The Soul of the Square

Ahdaf Soueif (MA '73) shares luminous moments in Tahrir and optimism about the future


Photographed by Omar Robert Hamilton

On Friday, February 11, Egypt partied. Chants, songs, drums and zaghareed rang out from Alexandria to Aswan. Three chants were dominant and very telling. One, "Lift your head up high; you're Egyptian," was a response to how humiliated and hopeless we'd been made to feel over the last four decades. The second was: "We'll get married; we'll have kids," and reflected the hopes of the millions whose desperate need for jobs and homes had been driving them to risk their lives to illegally cross the sea to Europe or the desert to Libya. The third chant was: "Everyone who loves Egypt, come and help fix Egypt." And on Saturday, they were as good as their word. They came and cleaned up after their revolution.

Now, of course, we're taking stock of the size of the task that lies ahead of us, and it is nothing less than re-imagining and restructuring our country. And doing this in the face of powerful forces working against us.

But I am hugely confident. I'm confident because I've watched and listened to so many young Egyptians over the last few months, and I am awed by your clarity of vision, your articulateness, intelligence and determination. And so, over the course of 18 short days, I have like so many of my generation moved from guilt and despondency over the state of the world and the country we are bequeathing to our children to a feeling of pride and confidence in this younger generation: in you. You stepped forward, took responsibility and started changing the world. Our part now is to fall in line behind you, to put at your disposal everything that we have, and to offer you our support in the form, quantity and time that you tell us you want it.

It is in this spirit that this piece is written. And in this spirit that I end it with a quote from my son, Omar Robert Hamilton, 26, who raced in from Washington, D.C. to join the revolution: "We made a city square powerful enough to remove a dictator. Now we must remake a nation to lead others on the road to global equality and justice.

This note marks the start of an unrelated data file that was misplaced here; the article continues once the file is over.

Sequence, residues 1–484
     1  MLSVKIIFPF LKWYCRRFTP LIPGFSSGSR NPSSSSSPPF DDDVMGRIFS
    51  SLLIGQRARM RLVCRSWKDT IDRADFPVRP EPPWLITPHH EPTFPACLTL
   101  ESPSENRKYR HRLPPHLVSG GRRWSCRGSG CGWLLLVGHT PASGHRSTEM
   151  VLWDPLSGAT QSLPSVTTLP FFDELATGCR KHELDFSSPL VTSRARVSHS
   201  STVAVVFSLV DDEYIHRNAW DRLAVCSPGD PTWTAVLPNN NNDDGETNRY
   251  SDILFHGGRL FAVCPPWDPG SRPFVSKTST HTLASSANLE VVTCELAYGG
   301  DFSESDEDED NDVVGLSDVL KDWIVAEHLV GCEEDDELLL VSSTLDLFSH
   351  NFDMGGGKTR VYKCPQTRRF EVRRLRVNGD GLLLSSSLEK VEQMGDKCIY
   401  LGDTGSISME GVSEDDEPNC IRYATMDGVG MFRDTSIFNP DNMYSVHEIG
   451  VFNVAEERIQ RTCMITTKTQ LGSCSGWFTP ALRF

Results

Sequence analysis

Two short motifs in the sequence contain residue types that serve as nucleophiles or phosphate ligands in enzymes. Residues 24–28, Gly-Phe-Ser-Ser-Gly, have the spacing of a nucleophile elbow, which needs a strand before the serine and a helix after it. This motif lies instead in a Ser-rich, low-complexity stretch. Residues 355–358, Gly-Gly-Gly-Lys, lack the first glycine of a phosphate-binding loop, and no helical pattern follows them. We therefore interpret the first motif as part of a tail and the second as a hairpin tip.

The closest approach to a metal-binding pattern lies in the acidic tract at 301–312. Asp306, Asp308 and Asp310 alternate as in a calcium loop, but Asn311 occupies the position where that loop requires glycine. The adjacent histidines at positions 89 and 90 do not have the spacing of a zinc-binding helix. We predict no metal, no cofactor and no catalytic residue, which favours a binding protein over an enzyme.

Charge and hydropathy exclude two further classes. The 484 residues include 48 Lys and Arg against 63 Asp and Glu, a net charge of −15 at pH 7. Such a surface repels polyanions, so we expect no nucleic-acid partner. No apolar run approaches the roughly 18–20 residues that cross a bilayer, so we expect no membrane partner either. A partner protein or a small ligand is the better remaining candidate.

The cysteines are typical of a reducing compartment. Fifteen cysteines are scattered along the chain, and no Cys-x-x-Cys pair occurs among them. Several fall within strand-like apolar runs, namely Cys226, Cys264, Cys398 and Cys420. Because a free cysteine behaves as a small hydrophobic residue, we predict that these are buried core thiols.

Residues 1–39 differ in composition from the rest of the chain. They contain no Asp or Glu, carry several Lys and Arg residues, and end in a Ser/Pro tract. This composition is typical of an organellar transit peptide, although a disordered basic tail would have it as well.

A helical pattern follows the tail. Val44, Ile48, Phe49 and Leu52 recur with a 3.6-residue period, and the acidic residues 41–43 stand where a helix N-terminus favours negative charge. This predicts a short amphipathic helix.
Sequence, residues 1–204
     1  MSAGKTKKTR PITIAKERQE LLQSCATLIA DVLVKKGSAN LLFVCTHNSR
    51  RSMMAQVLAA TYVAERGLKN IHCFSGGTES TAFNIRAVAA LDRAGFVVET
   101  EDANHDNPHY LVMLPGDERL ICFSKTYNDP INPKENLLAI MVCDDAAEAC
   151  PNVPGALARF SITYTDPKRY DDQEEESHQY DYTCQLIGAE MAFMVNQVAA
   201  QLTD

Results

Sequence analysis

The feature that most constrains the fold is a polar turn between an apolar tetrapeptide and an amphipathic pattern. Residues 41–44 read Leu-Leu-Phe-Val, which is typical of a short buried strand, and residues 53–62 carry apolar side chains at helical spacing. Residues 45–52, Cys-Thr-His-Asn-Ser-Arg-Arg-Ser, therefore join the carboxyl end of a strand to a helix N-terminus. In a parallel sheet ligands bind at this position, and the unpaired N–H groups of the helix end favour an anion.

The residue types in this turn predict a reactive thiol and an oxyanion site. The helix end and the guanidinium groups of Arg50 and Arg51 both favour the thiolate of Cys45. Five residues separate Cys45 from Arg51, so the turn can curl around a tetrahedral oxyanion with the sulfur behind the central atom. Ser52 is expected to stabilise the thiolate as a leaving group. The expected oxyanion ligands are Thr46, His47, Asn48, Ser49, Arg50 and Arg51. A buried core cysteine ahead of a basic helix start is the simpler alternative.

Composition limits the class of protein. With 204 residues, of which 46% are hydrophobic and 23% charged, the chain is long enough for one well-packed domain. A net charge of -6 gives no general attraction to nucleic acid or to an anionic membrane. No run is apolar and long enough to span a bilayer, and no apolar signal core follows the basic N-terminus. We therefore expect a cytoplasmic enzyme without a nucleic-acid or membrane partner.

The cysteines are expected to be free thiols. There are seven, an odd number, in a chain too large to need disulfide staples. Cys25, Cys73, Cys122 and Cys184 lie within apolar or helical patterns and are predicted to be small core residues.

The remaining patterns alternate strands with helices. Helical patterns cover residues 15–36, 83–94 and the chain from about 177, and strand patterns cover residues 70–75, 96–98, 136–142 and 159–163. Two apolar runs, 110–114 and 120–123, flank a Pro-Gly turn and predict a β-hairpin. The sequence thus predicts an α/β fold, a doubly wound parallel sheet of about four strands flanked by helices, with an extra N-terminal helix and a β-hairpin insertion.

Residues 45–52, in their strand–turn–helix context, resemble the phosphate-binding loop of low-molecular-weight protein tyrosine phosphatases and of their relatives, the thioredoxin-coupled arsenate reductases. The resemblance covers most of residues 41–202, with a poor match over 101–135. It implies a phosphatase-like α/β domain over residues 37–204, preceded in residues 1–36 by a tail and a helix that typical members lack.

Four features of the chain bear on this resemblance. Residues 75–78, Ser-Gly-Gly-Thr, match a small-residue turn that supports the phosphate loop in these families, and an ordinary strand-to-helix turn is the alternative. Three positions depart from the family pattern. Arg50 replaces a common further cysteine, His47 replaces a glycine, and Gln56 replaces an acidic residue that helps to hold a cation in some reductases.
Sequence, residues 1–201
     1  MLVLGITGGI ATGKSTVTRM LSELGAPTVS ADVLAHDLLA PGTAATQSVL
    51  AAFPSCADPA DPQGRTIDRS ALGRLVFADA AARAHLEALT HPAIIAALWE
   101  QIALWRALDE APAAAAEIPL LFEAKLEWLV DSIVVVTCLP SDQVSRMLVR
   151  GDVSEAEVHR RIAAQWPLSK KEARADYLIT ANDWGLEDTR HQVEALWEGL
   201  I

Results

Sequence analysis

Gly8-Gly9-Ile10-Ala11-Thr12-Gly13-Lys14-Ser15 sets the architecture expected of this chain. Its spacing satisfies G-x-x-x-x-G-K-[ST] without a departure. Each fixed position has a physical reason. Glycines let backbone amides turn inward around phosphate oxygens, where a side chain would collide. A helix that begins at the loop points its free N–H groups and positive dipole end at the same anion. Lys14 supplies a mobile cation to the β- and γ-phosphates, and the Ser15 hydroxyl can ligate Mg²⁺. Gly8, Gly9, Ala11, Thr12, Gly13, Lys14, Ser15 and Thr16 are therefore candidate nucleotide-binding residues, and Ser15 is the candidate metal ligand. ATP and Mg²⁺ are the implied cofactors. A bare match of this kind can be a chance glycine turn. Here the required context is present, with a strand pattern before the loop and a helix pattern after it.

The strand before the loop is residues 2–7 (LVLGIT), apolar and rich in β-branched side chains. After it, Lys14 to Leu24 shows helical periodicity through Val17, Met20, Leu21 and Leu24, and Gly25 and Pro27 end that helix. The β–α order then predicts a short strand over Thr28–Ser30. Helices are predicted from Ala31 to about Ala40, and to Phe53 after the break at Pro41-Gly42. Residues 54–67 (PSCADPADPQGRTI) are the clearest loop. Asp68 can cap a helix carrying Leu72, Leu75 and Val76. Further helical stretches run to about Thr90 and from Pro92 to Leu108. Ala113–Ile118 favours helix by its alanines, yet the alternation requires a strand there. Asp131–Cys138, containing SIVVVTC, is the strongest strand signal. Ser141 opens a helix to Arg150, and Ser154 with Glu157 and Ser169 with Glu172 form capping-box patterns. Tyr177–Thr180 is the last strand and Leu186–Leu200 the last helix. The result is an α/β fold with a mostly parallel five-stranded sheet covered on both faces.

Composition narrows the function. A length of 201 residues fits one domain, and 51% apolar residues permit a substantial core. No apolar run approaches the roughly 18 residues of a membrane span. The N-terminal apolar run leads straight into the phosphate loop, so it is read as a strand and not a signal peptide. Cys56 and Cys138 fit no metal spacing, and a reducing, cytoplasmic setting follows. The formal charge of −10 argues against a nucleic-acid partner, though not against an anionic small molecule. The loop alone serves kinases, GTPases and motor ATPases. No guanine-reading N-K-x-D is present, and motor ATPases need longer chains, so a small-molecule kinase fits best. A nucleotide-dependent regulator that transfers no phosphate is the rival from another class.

Tahrir Square worked because it was inclusive, with every type of Egyptian represented equally. It worked because it was inventive, from the creation of electric and sanitation infrastructure to the daily arrival of new chants and banners. It worked because it was open-source and participatory, so it was unkillable and incorruptible. It worked because it was modern. Online communication baffled the government while allowing the revolutionaries to organize efficiently and quickly. It worked because it was peaceful. The first chant that went up when under attack was always, Selmeyya! Selmeyya! (Peaceful! Peaceful!) It worked because it was just. Not a single attacking baltagi (thug) was killed; they were all arrested. It worked because it was communal. Everyone in there, to a greater or lesser extent, was putting the good of the people before the individual. It worked because it was unified and focused. Mubarak's departure was an unbreakable bond. It worked because everyone believed in it.

Inclusive, inventive, open-source, modern, peaceful, just, communal, unified and focused. A set of ideals on which to build a national politics."

By Ahdaf Soueif (MA '73)